It is a spicy addition to a Sunday roast, or a tasty vegetable dish in its own right. If you’ve tried any classic Slavic cuisine you will know about the kick of horseradish. It now seems that it may provide a boost to more than our taste-buds. New research is hinting that horseradish may have cancer-fighting properties.
If you saw the plant you might well dismiss it as a weed. Horseradish belongs to the group known as cruciferous vegetables, which includes staples such as cauliflower, broccoli and brussels sprouts. The difference is that with horseradish, we eat the root rather than the leaves.
The name is thought to come from a misunderstanding of the German name ‘meerretich’ (sea radish). This was translated as ‘mare radish’ and then eventually moved to ‘horseradish’.
It is not known who discovered what to do with the root, but when grated it has a spicy, mustardy, slightly bitter flavour. It can be the basis for many different sauces and dishes.
Horseradish provides fibre, vitamin C and various minerals.
The ingredient that may fight cancer is glucosinolate. This is found in much larger quantities in horseradish than in broccoli. Glucosinolate is converted to isothiocyanates by grating, cooking and digestion. Isothiocyanates have been shown to inhibit the growth and reproduction of cancer cells.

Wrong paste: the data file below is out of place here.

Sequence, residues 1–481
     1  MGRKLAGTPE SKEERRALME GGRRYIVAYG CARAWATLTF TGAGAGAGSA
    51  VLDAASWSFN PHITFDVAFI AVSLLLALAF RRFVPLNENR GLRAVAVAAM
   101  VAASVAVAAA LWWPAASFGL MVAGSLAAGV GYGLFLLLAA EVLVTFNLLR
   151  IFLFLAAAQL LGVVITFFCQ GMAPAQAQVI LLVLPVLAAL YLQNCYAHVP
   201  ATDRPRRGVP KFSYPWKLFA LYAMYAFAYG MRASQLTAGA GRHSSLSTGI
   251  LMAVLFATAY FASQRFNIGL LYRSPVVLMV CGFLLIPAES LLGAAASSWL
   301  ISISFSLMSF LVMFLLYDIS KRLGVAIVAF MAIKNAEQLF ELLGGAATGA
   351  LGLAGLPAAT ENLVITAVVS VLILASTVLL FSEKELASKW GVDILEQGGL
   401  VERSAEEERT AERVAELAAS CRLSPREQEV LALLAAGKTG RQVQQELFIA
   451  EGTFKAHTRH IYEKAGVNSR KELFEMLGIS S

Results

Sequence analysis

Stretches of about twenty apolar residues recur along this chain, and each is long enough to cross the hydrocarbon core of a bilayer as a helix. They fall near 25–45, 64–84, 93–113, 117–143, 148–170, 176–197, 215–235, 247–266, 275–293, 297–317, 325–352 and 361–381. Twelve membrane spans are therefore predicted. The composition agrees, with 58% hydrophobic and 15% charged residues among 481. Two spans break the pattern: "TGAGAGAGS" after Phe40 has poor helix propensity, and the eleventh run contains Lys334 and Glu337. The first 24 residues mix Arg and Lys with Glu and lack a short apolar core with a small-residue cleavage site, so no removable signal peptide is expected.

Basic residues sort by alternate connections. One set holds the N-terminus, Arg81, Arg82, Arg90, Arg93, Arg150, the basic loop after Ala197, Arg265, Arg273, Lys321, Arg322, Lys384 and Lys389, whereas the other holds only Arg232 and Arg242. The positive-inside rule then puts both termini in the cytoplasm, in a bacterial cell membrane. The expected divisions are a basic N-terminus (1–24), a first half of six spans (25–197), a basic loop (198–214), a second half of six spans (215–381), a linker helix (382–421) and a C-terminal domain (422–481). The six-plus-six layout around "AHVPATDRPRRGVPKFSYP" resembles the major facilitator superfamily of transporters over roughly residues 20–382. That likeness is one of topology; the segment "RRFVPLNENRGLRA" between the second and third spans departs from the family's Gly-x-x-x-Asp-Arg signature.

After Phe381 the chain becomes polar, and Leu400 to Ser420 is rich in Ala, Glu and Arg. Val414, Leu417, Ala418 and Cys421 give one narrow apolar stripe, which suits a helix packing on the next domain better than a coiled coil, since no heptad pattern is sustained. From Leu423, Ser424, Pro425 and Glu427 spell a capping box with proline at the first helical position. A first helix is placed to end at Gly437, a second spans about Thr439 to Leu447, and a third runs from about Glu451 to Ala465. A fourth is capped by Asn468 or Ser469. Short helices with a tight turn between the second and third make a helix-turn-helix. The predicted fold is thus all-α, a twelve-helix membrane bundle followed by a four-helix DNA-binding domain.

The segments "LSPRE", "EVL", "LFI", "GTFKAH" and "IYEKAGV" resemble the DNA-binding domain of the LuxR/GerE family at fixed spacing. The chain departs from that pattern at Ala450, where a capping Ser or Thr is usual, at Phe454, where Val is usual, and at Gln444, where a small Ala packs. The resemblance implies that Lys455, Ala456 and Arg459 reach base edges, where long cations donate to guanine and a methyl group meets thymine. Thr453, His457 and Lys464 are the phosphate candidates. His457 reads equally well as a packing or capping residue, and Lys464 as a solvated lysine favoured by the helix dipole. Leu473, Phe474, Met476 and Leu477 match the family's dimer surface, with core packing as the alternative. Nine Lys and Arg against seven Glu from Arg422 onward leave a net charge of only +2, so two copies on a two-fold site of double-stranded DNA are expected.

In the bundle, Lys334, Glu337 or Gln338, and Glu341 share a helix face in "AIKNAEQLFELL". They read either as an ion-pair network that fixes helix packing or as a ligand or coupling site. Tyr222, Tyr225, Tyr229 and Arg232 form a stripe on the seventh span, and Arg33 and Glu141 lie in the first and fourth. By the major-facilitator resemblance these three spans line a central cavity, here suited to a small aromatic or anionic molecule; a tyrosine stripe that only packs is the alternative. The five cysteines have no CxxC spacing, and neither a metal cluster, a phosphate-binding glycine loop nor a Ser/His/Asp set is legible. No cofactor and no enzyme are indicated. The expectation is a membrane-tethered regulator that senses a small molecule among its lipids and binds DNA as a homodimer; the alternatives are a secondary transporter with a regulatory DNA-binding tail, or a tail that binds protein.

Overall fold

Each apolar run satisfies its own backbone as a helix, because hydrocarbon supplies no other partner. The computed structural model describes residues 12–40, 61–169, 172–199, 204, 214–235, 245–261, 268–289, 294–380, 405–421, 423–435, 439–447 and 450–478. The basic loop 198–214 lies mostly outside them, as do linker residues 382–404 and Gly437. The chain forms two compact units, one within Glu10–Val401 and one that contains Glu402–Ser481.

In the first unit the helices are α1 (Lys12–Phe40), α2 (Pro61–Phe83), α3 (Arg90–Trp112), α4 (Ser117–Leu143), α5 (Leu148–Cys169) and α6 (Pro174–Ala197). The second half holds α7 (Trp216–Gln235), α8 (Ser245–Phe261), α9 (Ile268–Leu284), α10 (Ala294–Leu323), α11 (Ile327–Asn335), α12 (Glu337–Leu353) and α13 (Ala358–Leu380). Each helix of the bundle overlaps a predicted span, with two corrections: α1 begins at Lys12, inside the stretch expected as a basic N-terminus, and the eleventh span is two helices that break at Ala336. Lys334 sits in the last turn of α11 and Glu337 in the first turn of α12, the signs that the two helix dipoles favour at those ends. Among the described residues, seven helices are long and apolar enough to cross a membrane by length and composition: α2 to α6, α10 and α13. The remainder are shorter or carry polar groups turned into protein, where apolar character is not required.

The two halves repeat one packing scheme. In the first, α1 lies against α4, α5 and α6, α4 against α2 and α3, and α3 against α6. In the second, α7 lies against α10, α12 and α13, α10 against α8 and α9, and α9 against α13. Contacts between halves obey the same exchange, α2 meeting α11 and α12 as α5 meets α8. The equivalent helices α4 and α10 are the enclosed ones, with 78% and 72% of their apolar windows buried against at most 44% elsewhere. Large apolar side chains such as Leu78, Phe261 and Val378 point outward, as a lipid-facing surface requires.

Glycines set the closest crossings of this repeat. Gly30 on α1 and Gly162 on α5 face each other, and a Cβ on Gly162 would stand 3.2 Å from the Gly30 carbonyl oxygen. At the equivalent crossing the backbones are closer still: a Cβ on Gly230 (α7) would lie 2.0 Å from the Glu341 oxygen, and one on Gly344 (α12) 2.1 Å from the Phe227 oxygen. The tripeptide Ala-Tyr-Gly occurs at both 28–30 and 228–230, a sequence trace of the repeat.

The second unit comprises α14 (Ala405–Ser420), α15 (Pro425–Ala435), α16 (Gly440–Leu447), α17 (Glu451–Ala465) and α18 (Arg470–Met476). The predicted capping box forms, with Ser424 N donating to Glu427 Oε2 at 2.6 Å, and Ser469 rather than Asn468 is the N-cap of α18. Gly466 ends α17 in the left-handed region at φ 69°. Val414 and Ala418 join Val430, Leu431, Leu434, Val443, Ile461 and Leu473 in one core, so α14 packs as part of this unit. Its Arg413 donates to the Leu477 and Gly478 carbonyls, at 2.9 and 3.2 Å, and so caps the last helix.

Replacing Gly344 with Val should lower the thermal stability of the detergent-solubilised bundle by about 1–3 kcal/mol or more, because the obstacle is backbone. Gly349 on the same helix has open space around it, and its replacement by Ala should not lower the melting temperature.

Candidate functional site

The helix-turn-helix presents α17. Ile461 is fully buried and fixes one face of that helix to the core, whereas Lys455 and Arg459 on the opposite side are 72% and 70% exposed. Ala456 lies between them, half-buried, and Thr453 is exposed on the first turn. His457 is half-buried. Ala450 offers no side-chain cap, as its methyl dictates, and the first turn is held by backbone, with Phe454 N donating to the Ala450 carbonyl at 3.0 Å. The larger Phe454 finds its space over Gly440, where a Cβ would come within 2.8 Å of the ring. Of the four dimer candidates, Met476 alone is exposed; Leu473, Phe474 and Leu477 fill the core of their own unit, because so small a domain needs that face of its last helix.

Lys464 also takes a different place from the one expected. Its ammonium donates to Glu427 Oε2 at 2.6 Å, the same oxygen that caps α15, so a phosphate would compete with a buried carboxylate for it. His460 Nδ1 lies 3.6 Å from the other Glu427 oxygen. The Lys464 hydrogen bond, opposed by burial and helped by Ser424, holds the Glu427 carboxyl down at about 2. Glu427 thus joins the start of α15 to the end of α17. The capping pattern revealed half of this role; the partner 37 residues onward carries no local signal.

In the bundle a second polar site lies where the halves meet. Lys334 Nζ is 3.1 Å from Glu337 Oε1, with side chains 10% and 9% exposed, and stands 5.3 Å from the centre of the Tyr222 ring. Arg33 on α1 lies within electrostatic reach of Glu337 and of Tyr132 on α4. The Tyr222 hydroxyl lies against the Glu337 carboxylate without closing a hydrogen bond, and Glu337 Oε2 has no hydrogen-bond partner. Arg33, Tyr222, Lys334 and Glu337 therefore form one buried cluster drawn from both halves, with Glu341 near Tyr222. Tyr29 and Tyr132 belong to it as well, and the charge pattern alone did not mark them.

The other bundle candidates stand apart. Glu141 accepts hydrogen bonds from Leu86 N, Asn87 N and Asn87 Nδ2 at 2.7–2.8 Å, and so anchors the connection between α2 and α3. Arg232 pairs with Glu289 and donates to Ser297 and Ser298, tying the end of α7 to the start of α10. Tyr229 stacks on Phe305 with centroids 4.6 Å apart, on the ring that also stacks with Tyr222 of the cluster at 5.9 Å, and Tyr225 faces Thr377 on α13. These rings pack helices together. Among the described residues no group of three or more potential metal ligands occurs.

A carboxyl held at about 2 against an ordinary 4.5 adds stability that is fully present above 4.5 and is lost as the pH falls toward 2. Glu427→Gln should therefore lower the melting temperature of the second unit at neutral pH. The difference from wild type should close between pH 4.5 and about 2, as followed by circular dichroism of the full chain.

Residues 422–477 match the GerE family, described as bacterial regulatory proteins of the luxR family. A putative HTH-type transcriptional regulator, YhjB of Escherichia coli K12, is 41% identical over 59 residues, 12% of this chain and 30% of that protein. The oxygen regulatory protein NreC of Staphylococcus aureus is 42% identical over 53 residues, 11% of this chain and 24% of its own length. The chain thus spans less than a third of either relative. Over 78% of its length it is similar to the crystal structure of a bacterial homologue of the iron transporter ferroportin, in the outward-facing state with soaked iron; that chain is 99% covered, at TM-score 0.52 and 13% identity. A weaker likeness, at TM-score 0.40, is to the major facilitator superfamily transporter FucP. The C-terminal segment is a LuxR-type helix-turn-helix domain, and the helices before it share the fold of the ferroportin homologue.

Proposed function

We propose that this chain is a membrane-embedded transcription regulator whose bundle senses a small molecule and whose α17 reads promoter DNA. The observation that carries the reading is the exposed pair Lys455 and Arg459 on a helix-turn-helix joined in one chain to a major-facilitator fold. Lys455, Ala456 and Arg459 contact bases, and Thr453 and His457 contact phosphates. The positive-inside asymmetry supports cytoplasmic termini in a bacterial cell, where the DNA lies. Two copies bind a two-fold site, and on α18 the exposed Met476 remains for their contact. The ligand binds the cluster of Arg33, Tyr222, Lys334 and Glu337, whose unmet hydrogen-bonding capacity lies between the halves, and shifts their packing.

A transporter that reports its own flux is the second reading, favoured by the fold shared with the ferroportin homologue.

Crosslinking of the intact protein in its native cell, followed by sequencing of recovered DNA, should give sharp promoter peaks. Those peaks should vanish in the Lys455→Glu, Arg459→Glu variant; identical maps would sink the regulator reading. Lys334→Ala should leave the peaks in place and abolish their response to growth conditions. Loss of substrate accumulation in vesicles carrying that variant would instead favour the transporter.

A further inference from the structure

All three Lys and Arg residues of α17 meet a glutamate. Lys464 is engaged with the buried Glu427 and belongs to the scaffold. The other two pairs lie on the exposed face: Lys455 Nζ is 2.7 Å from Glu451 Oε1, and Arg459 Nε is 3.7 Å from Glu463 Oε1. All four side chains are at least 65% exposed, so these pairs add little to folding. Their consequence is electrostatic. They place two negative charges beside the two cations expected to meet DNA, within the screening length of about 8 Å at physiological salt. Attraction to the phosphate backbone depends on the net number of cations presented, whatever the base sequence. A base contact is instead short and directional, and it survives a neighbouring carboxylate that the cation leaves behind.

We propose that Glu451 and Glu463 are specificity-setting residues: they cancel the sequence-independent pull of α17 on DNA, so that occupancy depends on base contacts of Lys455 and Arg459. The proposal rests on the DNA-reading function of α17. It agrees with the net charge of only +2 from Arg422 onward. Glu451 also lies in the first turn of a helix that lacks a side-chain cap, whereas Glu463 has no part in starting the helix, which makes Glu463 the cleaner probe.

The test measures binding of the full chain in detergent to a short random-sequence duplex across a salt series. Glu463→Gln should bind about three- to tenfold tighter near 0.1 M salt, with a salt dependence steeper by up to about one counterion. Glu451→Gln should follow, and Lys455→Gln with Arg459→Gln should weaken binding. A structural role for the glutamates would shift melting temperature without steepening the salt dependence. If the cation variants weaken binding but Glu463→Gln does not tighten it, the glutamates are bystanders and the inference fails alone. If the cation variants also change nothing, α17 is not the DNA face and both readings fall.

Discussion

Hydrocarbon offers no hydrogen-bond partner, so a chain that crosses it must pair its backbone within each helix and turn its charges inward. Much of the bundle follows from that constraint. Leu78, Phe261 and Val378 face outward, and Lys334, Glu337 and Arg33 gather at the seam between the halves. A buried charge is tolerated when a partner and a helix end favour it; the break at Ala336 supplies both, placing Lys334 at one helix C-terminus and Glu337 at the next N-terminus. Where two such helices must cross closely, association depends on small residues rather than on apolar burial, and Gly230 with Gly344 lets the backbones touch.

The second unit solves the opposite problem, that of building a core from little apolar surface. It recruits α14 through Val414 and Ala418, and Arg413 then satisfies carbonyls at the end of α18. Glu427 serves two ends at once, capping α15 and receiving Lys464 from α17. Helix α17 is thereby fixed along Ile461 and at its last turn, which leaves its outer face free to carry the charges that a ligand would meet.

At the moment the mechanism of this is not fully understood. This means that the scientifically-reviewed papers cannot yet say for certain that horseradish prevents cancer. Research has been going on for more than thirty years, but it does all point to promising results for these chemicals.
The grated root appears in many cuisines, especially those of central and eastern Europe. In these countries it is known by a variant of the name ‘chrein’, and is served as a small-portion vegetable or an accompaniment.
Horseradish is a perfect partner for beetroot, just grate it into the pureed vegetable. It also adds flavour to soups or salads at any time of year.
Give a bit of spice to your meal with horseradish. It adds taste and nutrition, and who knows what else it might do?
ashamed to admit I'd never tried this until reading the article - I thought it was a picture of yogurt! So I bought a small jar of sauce - and I am a convert too.
As far as I know, it is just as good for you in sauce. I've tried it with our beetroot glut now and it really does taste good.
Horseradish is a great way of adding flavour to boring dishes. I got a bit sick of the same old meal last time I was trying to have a bit more control in my diet but horseradish grated onto salads (for e.g.) can make a real difference. I guess the sauce is good too but I'm often concerned about the other ingredients in pre-made sauces.
I love horseradish and had no idea it was good for me. Does eating it in a sauce still make it good for me? I could eat jars of the stuff with most meals, especially in the winter!